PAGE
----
Another Look at Moral Foundations Theory: Do Authoritarianism and Social Dominance Orientation Explain Liberal-Conservative Differences in “Moral” Intuitions?
- 2.6k Downloads
Moral foundations theorists propose that the moral domain should include not only “liberal” ethics of justice and care but also ostensibly “conservative” concerns about the virtues of ingroup loyalty, obedience to authority, and enforcement of purity standards. This proposal clashes with decades of research in political psychology connecting the latter set of characteristics to “the authoritarian personality.” We demonstrate that liberal-conservative differences in moral intuitions are statistically mediated by authoritarianism and social dominance orientation, so that conservatives’ greater valuation of ingroup, authority, and purity concerns is attributable to higher levels of authoritarianism, whereas liberals’ greater valuation of fairness and harm avoidance is attributable to lower levels of social dominance. We also find that ingroup, authority, and purity concerns are positively associated with intergroup hostility and support for discrimination, whereas concerns about fairness and harm avoidance are negatively associated with these variables. These findings might lead some to question the wisdom and appropriateness of efforts to “broaden” scientific conceptions of morality in such a way that preferences based on authoritarianism and social dominance are treated as moral—rather than amoral or even immoral—and suggest that the explicit goal of incorporating conservative ideology into the study of moral psychology (in order to increase ideological diversity) may lead researchers astray.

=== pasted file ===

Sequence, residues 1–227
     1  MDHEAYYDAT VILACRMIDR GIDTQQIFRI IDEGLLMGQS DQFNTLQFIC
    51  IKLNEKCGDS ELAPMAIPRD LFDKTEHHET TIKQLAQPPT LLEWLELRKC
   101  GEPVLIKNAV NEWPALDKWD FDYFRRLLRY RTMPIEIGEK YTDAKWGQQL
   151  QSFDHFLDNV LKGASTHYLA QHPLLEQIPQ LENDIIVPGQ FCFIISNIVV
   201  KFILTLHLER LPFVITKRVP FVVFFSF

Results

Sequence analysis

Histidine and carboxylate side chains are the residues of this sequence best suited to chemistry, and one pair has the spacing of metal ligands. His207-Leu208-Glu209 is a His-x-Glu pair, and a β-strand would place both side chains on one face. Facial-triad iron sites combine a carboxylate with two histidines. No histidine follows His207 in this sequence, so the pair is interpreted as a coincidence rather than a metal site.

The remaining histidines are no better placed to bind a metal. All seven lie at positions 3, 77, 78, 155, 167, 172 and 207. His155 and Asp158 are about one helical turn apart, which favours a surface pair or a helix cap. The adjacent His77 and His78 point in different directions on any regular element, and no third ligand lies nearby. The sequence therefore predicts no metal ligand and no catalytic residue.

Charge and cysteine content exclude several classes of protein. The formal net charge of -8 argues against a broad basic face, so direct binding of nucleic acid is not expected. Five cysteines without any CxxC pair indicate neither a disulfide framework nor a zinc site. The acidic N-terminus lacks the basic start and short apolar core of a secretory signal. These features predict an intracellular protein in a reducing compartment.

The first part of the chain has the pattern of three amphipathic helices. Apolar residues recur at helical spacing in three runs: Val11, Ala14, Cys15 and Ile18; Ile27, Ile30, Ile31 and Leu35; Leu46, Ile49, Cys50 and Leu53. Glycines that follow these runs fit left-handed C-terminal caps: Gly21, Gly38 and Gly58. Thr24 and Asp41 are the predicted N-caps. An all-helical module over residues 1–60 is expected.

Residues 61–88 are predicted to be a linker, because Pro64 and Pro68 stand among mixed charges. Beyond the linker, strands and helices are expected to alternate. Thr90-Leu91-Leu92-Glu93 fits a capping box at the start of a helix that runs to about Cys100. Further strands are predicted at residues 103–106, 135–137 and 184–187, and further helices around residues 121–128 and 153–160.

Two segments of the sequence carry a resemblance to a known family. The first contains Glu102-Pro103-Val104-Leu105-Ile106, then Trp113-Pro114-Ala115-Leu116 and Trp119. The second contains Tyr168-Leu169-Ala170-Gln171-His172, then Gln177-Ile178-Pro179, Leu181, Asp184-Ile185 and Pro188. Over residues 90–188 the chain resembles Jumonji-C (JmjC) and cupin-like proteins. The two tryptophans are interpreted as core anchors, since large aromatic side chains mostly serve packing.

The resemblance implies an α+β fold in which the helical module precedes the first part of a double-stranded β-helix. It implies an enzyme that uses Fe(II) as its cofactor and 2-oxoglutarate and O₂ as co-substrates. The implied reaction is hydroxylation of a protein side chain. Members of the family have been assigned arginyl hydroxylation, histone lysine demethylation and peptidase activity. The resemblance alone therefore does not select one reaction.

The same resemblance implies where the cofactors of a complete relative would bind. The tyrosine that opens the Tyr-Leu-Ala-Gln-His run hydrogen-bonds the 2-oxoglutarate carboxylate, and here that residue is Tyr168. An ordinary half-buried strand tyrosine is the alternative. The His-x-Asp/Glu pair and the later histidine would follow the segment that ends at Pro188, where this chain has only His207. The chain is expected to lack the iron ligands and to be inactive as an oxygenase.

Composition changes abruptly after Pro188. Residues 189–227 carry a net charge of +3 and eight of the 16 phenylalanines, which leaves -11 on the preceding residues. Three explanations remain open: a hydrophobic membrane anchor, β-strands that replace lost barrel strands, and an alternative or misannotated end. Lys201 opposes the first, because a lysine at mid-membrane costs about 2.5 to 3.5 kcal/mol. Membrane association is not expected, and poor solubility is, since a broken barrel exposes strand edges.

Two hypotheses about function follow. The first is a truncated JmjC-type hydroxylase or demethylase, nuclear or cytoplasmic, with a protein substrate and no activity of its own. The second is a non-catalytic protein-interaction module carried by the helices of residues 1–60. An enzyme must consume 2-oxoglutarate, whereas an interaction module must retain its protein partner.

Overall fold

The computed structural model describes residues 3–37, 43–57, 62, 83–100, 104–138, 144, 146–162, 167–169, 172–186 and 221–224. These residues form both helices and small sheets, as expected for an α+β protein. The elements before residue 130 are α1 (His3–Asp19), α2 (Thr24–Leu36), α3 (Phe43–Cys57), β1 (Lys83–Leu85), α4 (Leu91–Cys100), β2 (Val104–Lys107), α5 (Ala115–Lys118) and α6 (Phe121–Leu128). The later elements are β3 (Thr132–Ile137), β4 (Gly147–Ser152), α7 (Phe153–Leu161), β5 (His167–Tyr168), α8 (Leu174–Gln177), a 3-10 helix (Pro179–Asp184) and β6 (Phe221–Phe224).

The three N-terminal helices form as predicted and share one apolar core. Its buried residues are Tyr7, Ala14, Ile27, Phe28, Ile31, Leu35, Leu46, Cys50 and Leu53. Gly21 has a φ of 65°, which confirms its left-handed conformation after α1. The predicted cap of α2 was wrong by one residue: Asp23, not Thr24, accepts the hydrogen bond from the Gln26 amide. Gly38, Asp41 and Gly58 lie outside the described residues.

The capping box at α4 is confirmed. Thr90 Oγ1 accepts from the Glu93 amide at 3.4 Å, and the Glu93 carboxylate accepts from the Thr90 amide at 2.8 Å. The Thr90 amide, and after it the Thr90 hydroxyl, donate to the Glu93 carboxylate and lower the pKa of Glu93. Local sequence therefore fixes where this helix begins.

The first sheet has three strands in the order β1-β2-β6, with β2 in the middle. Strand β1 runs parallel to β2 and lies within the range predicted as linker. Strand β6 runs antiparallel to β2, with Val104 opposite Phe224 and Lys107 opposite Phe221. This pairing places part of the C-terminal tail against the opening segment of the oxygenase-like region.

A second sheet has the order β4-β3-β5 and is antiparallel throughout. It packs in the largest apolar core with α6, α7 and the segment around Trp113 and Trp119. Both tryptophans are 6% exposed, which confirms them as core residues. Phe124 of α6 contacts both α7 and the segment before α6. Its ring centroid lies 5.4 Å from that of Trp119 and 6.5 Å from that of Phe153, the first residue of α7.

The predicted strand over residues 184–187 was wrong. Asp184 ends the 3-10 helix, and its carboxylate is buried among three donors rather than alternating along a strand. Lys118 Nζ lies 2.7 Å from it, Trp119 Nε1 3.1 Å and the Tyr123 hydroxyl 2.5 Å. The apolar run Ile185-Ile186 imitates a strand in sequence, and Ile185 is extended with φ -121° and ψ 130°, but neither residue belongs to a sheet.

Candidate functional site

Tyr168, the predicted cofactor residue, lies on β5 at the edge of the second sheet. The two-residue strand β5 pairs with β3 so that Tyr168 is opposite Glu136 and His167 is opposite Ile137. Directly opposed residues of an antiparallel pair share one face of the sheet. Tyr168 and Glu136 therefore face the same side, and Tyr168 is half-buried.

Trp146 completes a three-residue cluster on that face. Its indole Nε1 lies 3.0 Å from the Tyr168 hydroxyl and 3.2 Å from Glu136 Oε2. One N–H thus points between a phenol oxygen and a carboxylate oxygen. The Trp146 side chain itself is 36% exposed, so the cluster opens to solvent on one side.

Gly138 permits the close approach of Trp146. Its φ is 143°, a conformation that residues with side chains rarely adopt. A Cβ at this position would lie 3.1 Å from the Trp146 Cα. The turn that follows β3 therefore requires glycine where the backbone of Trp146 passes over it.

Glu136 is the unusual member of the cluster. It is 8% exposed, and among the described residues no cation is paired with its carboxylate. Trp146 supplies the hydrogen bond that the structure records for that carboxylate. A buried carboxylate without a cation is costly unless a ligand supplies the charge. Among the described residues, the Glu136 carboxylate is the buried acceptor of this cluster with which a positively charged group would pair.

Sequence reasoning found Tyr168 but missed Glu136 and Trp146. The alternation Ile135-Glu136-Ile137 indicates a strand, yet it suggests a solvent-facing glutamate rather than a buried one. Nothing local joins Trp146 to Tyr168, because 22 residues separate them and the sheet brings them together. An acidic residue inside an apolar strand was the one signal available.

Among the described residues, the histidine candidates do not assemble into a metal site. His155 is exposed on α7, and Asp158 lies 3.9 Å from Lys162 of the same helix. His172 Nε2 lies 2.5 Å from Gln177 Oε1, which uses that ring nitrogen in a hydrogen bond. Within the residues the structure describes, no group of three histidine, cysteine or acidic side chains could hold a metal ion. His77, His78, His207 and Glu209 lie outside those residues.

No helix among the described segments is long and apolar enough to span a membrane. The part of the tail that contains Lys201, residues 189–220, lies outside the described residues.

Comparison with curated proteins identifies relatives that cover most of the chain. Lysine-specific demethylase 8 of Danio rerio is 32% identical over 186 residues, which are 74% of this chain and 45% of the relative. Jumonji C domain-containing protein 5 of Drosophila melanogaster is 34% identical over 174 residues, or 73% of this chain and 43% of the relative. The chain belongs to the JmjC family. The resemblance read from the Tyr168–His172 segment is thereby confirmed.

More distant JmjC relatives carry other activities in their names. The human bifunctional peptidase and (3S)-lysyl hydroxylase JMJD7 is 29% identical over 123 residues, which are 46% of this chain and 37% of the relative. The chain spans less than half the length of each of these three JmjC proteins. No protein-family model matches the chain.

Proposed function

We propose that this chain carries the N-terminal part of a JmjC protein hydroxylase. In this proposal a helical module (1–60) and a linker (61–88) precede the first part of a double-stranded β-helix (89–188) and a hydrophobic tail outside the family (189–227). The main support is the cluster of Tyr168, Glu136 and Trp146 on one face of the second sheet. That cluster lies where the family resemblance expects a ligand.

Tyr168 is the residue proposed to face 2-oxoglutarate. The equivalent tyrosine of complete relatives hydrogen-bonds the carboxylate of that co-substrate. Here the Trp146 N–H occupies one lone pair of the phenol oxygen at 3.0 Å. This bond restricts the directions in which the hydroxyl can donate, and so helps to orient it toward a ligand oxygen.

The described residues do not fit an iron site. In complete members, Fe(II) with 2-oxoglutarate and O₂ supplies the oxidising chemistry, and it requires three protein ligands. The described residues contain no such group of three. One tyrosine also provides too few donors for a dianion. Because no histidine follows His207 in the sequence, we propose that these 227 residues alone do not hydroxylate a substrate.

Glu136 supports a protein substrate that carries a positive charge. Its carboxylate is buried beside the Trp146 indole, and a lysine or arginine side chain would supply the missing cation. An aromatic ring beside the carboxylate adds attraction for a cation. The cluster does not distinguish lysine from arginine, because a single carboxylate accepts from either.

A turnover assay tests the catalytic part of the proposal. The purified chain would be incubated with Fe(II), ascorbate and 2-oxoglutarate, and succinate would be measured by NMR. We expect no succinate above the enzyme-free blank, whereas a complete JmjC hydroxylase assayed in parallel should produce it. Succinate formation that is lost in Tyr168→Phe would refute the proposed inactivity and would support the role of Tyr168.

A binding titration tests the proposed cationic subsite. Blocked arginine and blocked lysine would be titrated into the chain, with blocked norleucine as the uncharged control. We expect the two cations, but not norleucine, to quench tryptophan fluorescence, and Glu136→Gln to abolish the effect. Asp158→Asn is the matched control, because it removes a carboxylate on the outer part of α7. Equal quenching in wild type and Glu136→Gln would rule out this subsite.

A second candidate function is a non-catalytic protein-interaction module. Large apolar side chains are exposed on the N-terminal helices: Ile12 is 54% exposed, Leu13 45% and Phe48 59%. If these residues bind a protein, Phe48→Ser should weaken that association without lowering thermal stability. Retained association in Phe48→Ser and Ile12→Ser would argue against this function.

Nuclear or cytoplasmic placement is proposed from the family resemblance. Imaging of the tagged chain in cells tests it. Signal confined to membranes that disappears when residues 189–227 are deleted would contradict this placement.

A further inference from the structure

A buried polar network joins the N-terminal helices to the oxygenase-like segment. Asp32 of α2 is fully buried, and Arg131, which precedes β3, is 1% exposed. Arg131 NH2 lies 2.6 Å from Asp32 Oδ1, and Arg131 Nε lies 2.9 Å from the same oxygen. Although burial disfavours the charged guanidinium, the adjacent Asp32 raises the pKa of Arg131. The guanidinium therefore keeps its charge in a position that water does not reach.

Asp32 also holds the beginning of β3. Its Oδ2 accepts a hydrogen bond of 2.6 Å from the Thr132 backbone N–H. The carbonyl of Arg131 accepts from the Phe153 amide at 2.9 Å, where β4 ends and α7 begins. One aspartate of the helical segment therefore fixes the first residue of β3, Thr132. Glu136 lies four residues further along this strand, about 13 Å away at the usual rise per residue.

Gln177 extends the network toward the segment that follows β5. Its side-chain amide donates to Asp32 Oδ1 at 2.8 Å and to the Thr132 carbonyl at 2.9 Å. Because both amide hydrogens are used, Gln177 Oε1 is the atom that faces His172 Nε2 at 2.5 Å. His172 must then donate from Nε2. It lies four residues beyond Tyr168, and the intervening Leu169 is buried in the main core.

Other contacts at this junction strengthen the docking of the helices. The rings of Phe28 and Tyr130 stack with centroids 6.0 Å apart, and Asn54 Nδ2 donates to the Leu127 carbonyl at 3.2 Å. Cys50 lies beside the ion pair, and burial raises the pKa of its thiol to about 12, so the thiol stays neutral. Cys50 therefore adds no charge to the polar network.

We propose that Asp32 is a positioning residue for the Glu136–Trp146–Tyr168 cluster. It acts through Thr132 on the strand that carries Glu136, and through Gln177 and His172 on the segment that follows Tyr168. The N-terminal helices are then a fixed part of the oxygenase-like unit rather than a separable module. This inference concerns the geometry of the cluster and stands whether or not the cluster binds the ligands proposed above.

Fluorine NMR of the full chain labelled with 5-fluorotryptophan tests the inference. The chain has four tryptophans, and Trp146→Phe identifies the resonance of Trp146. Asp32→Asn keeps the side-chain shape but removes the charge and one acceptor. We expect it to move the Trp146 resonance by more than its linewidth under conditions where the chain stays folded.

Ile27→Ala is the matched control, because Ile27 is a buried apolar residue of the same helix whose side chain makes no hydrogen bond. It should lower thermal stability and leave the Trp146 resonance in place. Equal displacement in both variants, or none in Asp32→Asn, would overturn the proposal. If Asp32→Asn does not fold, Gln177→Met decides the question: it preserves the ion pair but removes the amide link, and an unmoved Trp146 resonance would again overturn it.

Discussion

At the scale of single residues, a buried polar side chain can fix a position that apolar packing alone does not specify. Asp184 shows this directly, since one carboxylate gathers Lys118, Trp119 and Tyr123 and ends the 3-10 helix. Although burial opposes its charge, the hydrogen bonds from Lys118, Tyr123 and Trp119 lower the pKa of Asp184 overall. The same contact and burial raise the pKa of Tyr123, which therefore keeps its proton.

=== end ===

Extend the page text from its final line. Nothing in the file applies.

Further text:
KeywordsPolitical orientation Ideology Authoritarianism Social dominance Morality
- Adorno, T. W., Frenkel-Brunswik, E., Levinson, D. J., & Sanford, R. N. (1950). The authoritarian personality. New York: Harper.Google Scholar
- Allport, G. W. (1954). The nature of prejudice. Cambridge, MA: Perseus Books.Google Scholar
- Altemeyer, B. (1996). The authoritarian specter. Cambridge, MA: Harvard University Press.Google Scholar
- Altemeyer, B. (1998). The other “authoritarian personality”. In M. Zanna (Ed.), Advances in Experimental Social Psychology (Vol. 30, pp. 47–92). San Diego: Academic Press.Google Scholar
- Altemeyer, B. (2006). The authoritarians. Available online from http://members.shaw.ca/jeanaltemeyer/drbob/TheAuthoritarians.pdf.
- Duarte, J. L., Crawford, J. T., Stern, C., Haidt, J., Jussim, L., & Tetlock, P. E. (2014). Political diversity will improve social psychological science. Behavioral and Brain Sciences, 1–54.Google Scholar
- Gilligan, C. (1982). In a different voice: Psychological theory and women’s development. Cambridge, MA: Harvard University Press.Google Scholar
- Haidt, J. (2008). What makes people vote Republican? Retrieved September 09, 2008, from http://edge.org/conversation/what-makes-vote-republican.
- Haidt, J. (2012). The righteous mind: Why good people are divided by politics and religion. New York: Pantheon.Google Scholar
- Haidt, J., & Bjorklund, F. (2008). Social intuitionists reason, in conversation. In W. Sinnott-Armstrong (Ed.), Moral psychology (Vol. 2, pp. 241–254). Cambridge, MA: MIT.Google Scholar